Ms. Anilya Hosein
Email: anilya_19 @yahoo.com
I do not take my vision for granted because I know how easily and quickly it can be stolen away by a chronic illness such as glaucoma. My experience with glaucoma has been a scary and emotive one, that has awakened me to the extreme vulnerability that patients endure at the mercy of their physicians, and the need for a thorough understanding of their medical conditions from the day of diagnosis.
Glaucoma has robbed my father of vision in his left eye and some of it in his right. He was diagnosed with glaucoma when I was quite young, and started instilling drops in his eyes on a daily basis. Being a teacher, he was a responsible, rational, and intelligent gentleman. Throughout my life, I had neither accompanied him to his ophthalmologist’s appointments nor attempted to know about glaucoma, since he seemed to comfortably manage the condition on his own. At 83 years old, he was driving and doing his business all alone, until a few years back.
In 2016, he had to travel to Florida awaiting the birth of his grandson, and before his travel, he checked his eyes, since it has already been a couple of years since his last visit to an ophthalmologist. He was told that the eye pressure was high and he should get it checked while he is abroad. He did follow the advice, and I distinctly remember my relative abroad telling me that his eye pressure was still high, his cataract surgery was poorly done and he needed to see a glaucoma specialist.
Upon his return to Trinidad, I noticed that my father was unable to see the cursor on the computer-screen amongst other things. This was the impetus for me to become involved in my father’s glaucoma care. He had seen the same ophthalmologist since I was a child, and naturally I sought help there. I quickly learnt that his eye pressures were constantly over 30 and high intraocular pressures permanently damaged his optic nerve. For several months, his eye pressures were checked weekly, the dosage of the eye drops were adjusted to reduce the pressure, but there was no improvement. I did search online about glaucoma and came to know about possible surgery for the condition; however, my questions were quickly dismissed. It was at this point I knew I needed to look elsewhere for help. My father had the obsessive habit of reading for hours, always had a newspaper in hand, and read countless novels. I could not sit quietly and allow him to lose more vision.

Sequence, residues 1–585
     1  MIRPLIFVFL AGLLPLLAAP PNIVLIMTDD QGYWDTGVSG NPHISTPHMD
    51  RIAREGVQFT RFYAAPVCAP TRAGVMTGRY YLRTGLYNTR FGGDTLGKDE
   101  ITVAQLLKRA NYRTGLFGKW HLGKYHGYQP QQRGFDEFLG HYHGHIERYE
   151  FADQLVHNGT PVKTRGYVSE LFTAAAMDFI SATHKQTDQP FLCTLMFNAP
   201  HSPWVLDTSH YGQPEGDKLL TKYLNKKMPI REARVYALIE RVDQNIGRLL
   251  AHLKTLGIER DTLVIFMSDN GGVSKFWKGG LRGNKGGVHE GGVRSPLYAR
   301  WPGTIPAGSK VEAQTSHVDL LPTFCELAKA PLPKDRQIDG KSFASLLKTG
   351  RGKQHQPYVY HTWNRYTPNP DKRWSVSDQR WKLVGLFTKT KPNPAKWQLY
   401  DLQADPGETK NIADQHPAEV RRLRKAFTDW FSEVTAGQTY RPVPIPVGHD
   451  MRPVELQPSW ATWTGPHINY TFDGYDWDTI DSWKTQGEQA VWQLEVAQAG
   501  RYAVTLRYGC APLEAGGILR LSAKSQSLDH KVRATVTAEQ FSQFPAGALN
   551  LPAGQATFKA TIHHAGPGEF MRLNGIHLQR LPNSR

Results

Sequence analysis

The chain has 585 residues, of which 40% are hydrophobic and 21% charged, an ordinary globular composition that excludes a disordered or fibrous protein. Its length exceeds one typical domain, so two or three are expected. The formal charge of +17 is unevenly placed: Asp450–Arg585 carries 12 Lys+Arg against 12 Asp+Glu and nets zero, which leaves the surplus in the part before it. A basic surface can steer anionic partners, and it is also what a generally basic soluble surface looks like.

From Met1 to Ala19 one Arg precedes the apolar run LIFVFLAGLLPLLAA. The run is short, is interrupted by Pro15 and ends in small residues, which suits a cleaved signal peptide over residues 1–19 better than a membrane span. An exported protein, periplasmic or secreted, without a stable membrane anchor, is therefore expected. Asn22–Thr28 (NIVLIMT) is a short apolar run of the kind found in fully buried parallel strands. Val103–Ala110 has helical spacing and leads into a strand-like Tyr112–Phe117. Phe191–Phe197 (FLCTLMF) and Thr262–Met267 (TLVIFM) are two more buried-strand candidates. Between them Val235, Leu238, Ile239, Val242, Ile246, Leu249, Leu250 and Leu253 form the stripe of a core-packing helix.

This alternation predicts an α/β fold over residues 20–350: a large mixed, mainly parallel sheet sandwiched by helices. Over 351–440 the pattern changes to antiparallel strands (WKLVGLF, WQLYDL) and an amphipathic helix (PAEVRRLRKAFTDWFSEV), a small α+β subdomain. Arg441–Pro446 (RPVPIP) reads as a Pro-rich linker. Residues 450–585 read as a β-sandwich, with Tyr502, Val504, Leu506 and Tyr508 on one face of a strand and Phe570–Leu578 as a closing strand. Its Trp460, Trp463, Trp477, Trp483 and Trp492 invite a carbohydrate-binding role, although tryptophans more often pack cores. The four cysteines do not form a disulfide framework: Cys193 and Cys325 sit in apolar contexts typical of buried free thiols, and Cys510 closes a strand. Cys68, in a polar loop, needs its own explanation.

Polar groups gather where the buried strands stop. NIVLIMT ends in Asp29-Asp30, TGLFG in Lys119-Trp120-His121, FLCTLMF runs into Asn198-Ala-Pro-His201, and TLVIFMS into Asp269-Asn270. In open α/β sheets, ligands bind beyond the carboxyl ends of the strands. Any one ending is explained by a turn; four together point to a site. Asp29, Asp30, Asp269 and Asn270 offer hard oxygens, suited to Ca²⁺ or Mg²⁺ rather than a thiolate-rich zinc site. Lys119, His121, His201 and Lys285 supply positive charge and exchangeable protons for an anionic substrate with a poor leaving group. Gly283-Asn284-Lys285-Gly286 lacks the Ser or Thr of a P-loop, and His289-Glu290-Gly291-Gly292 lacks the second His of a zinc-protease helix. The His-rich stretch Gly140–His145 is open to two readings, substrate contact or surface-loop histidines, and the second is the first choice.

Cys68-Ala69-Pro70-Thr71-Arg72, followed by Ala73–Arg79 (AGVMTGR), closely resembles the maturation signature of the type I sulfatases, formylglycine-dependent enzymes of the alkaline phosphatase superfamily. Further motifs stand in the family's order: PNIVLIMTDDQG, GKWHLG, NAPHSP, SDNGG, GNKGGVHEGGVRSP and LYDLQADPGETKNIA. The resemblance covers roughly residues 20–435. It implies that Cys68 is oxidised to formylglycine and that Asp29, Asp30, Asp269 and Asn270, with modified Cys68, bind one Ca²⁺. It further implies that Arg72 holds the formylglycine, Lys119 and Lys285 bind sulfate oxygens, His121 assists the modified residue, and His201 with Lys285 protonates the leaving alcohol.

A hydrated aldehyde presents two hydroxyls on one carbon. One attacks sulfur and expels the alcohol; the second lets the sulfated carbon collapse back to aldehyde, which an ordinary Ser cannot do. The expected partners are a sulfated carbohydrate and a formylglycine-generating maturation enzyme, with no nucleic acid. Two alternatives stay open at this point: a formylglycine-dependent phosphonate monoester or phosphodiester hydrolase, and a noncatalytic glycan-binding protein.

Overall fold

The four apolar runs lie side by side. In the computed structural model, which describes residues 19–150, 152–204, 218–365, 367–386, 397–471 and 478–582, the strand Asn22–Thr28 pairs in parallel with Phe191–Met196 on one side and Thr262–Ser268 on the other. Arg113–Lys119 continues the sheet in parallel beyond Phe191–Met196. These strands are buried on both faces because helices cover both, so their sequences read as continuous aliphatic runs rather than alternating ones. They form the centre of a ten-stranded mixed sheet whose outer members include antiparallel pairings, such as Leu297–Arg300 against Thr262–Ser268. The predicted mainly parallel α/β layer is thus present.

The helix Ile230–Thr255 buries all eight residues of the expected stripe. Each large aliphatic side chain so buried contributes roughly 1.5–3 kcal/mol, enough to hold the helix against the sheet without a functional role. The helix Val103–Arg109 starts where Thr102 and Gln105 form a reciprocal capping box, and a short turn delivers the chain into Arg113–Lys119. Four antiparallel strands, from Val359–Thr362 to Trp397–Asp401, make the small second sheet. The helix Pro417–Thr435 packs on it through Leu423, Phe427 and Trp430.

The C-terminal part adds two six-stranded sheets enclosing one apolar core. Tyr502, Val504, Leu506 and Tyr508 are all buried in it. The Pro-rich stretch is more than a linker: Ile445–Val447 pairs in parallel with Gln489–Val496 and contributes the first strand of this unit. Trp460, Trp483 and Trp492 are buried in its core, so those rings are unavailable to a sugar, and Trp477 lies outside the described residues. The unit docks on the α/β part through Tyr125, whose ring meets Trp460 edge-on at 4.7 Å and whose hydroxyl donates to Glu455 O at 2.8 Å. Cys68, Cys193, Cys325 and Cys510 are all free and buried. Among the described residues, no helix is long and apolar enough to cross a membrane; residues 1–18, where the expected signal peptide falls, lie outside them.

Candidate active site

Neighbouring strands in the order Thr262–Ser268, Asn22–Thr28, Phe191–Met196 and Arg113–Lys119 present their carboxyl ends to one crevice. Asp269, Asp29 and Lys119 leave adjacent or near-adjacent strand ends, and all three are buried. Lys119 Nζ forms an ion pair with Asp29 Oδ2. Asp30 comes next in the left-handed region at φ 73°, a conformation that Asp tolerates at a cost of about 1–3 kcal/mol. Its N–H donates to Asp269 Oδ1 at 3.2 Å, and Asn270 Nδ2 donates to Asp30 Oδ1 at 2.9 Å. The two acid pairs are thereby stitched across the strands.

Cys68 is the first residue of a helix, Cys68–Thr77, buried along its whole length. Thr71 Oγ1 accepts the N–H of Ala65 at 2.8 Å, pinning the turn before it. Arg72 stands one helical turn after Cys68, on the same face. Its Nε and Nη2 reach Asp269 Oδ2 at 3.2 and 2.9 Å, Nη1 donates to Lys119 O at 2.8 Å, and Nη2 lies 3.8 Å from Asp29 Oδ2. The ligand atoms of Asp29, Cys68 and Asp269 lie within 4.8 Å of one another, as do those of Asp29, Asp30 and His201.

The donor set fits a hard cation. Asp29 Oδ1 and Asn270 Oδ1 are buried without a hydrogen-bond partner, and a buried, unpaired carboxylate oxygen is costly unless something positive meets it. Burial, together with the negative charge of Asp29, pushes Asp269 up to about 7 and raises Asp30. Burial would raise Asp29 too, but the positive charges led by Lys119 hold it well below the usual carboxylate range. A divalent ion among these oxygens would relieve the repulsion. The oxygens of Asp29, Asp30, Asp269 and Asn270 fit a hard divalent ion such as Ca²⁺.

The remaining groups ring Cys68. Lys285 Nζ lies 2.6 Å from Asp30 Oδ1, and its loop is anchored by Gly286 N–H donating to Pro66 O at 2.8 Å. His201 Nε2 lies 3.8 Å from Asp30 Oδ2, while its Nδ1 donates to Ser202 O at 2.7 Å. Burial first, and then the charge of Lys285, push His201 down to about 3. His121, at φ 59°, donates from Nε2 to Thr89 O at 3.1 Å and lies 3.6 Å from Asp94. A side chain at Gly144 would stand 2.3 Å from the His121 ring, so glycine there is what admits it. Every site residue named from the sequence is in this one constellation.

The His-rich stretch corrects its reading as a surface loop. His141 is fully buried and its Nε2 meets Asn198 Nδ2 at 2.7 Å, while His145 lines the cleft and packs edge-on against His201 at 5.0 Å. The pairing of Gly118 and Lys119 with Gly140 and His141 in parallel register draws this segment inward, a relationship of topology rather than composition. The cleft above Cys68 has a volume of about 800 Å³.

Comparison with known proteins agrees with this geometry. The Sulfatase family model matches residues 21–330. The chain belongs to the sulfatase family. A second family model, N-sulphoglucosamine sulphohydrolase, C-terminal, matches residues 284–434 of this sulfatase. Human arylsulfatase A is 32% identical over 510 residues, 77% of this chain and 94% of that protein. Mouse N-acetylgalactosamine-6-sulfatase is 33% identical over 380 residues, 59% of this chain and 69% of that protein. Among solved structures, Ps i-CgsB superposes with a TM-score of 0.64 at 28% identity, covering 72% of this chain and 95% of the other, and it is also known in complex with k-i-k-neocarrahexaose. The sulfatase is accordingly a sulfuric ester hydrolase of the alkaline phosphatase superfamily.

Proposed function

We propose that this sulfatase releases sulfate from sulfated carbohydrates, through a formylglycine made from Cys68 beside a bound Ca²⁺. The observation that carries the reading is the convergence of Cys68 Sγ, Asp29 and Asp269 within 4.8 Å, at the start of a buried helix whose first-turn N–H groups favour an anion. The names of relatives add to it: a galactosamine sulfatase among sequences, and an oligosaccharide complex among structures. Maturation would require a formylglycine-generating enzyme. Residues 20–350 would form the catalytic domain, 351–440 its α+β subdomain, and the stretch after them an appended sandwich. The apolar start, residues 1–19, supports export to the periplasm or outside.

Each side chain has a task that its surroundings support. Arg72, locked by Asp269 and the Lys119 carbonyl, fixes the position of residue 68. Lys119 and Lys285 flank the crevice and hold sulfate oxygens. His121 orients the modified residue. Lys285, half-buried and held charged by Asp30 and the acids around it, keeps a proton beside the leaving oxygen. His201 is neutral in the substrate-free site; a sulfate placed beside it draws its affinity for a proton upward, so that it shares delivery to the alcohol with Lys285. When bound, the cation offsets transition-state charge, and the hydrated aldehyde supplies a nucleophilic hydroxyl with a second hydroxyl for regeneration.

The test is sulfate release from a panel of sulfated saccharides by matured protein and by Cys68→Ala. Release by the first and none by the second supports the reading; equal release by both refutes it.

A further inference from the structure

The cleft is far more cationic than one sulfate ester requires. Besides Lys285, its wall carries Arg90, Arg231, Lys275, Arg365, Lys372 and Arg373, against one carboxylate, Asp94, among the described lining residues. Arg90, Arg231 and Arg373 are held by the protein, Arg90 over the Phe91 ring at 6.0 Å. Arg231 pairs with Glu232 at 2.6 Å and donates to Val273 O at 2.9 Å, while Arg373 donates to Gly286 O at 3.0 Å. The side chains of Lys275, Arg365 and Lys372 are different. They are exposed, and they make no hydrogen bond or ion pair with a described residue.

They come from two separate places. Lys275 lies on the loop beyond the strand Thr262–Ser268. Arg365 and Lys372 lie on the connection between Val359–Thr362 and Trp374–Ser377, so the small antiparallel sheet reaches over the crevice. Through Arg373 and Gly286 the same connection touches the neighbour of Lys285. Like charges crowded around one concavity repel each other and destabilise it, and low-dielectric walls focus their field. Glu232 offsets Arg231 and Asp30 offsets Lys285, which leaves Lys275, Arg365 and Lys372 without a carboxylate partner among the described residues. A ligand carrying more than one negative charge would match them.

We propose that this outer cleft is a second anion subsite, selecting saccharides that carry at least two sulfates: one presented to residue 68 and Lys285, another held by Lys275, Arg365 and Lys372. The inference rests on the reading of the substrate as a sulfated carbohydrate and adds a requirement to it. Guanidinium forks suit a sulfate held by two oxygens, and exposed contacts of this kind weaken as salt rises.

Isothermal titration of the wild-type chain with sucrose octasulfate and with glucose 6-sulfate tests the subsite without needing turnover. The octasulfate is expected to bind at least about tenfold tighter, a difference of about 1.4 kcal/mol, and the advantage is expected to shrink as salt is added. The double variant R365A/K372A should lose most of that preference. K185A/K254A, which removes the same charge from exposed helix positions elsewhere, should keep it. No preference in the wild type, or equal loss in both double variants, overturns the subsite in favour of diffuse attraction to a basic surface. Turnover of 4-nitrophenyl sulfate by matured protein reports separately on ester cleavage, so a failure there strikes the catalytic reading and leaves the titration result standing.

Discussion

The search for a glaucoma specialist proved to be a challenge. However, I did find one, who did an impressive and meticulous testing. I was informed that he was left with only 11% vision in his left eye and the visual loss was permanent. Surgery was recommended to control the elevated high eye pressures. However, prior to surgery, he was put on a medication to lower the intraocular pressure, which was causing low blood pressures and weakness. When I raised this concern, I was told emphatically that he can choose blindness or low blood pressures, and unless he was fainting or falling – he must take the medication. Before I could respond and inform the doctor that my father felt very weak and indeed fell of his chair, the provider walked out of the room. My search continued to find a doctor who not only has surgical skills but also softer skills such as listening to patients and relatives and do not treat them with hostility.
Fortunately, the next ophthalmologist I saw, through his calm, patient, gentle and professional persona, finally provided some comfort during those scary times. My father promptly received a glaucoma surgery where a mesh was placed in his eye and today, three years later, I am very glad to report that his pressures are always within the normal limit. He has a visit every three months to monitor his eye pressures, and I am very thankful that he still has some vision and is able to at least read the headlines of the newspapers daily.
My father had no idea that he could lose his vision from the high eye pressures. Had he known this, I do believe that his approach to his disease management would have been different, even before I got involved. Medicine is like a foreign language to a lay-person, we rely on doctors to educate us with the critical information we need, to maintain our health and survive. I feel very often that the severity, progression of the disease, and the possibility of grave outcomes are not stressed enough by doctors to the patients.
Furthermore, I firmly believe that doctors need to be trained appropriately to function in the best interest of their patients and refer them early to more trained specialists to prevent worsening of chronic illnesses. This may be achieved by both training as well as regulatory means.